Growing up I had to work extra hard to get over my mild case of dyslexia. I would read the same few words over and over again and I would not understand what I read. It is a relief to know that my diet may have caused the problem.
Since I read Dr. McBride’s book, I have changed my diet dramatically. My dyslexia has much improved. Now, I enjoy reading and understanding what I am reading. Thank you Dr. McBride.
The following information is from her book: Gut and Psychology Syndrome.
GAPS (Gut Psychology Syndrome) children and adults have digestive problems, sometimes quite severe.
GAPS is a natural treatment for colic, bloating, flatulence, diarrhoea, constipation, feeding difficulties and malnourishment, all to various degrees, are a typical part of autism, schizophrenia and other GAPS conditions.
In the majority of cases digestive problems start at weaning time or times when breast milk gets replaced with formula milk and other foods get introduced. In those cases where an adult did not have a history of gut problems from childhood the digestive problems would start later in life due to some health-damaging event.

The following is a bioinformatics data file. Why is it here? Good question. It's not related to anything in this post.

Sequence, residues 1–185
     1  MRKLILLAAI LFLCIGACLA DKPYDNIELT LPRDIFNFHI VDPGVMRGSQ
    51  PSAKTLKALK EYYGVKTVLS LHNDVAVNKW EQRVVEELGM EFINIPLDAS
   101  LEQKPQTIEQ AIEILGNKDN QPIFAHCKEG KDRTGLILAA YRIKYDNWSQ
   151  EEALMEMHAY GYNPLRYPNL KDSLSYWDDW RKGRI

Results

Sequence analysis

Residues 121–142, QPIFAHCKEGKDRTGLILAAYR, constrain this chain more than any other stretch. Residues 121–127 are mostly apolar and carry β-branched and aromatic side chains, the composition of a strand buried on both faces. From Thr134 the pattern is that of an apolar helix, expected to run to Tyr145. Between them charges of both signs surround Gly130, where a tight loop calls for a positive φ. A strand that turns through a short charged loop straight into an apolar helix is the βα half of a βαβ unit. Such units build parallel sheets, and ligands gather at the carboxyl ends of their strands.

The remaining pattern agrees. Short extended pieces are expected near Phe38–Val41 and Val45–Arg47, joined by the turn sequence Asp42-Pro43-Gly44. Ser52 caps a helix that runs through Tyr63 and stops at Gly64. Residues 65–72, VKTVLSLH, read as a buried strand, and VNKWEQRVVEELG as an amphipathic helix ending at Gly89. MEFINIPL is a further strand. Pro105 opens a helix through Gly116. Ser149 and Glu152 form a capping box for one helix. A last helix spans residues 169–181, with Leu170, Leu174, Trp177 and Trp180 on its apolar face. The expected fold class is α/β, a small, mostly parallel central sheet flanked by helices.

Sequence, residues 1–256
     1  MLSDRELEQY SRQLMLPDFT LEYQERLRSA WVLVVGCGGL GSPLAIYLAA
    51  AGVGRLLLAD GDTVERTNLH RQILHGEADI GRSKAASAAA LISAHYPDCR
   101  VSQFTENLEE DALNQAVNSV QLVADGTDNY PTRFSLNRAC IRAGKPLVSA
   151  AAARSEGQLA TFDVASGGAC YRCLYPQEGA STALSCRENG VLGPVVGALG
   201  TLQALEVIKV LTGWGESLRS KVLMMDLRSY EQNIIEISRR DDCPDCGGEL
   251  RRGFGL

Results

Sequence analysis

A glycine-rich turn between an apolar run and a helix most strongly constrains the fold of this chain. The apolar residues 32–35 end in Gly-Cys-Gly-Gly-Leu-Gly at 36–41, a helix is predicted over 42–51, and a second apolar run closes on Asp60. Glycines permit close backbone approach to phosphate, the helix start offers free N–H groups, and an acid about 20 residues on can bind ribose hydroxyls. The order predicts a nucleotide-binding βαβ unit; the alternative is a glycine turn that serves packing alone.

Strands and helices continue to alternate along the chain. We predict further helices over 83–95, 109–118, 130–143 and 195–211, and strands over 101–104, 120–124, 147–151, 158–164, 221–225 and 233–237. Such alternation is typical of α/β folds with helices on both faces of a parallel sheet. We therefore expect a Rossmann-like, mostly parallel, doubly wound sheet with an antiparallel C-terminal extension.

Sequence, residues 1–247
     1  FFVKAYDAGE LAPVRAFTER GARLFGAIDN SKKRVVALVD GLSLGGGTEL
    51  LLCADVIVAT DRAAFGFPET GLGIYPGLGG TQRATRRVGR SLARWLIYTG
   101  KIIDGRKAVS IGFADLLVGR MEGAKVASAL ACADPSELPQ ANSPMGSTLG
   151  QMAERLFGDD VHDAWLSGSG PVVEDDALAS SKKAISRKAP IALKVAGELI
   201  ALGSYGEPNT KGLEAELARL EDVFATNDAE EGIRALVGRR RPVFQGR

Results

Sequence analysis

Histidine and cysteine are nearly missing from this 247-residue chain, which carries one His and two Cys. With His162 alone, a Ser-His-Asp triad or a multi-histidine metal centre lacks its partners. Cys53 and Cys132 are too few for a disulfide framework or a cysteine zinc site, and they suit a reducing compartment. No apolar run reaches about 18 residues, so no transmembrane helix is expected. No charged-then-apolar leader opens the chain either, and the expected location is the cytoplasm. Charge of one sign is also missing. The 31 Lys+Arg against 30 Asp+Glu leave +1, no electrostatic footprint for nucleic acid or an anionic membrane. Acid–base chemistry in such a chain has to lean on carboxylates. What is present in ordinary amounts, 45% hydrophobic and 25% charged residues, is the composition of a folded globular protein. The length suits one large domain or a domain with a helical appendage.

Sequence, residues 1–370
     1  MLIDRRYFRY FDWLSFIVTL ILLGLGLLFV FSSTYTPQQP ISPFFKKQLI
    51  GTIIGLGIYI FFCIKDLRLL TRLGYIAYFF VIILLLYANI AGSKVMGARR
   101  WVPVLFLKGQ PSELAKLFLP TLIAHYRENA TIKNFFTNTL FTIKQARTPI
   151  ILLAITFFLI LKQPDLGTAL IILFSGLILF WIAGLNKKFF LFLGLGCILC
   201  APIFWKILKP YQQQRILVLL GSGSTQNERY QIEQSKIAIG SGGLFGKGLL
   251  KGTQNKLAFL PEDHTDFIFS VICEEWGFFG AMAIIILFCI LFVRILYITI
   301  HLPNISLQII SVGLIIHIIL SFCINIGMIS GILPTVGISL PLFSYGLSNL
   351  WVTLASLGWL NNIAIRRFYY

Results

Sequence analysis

The second year of life is the time when many autistic GAPS and non-autistic GAPS children start developing fussy eating habits. Many GAPS children and adults prefer processed carbohydrates to the exclusion of everything else. They will only eat starchy and sweet foods: breakfast cereals, chips, popcorn, cakes, biscuits, sweets, bananas, bread, rice, sweet yoghurts.
There is an established a hypothesis of gut-brain connection. It backed by very serious scientific findings, which Dr. Natasha McBride discusses in her book, Gut and Psychology Syndrome.
There is much less published scientific data on gut problems in ADHD, dyslexia, dyspraxia, asthma, allergy, eczema and other GAPS conditions. However, when it comes to clinical observations almost all children and adults with GAPS have digestive problems to various degrees.
Many patients have typical symptoms of IBS (Irritable Bowel Syndrome): abdominal pain, bloating, stool abnormalities and flatulence. Some may have normal stools, but complain about malnutrition, reflux, “heartburn”, abdominal pains and flatulence.
Source:Gut and Psychology Syndrome by Dr. Natasha Campbell-McBride MD, MMedsci(neurology), MMedSci(Nutrition) https://www.amazon.ca/Psychology-Syndrome-D-D-D-H-D-Schizophrenia/dp/0954852028
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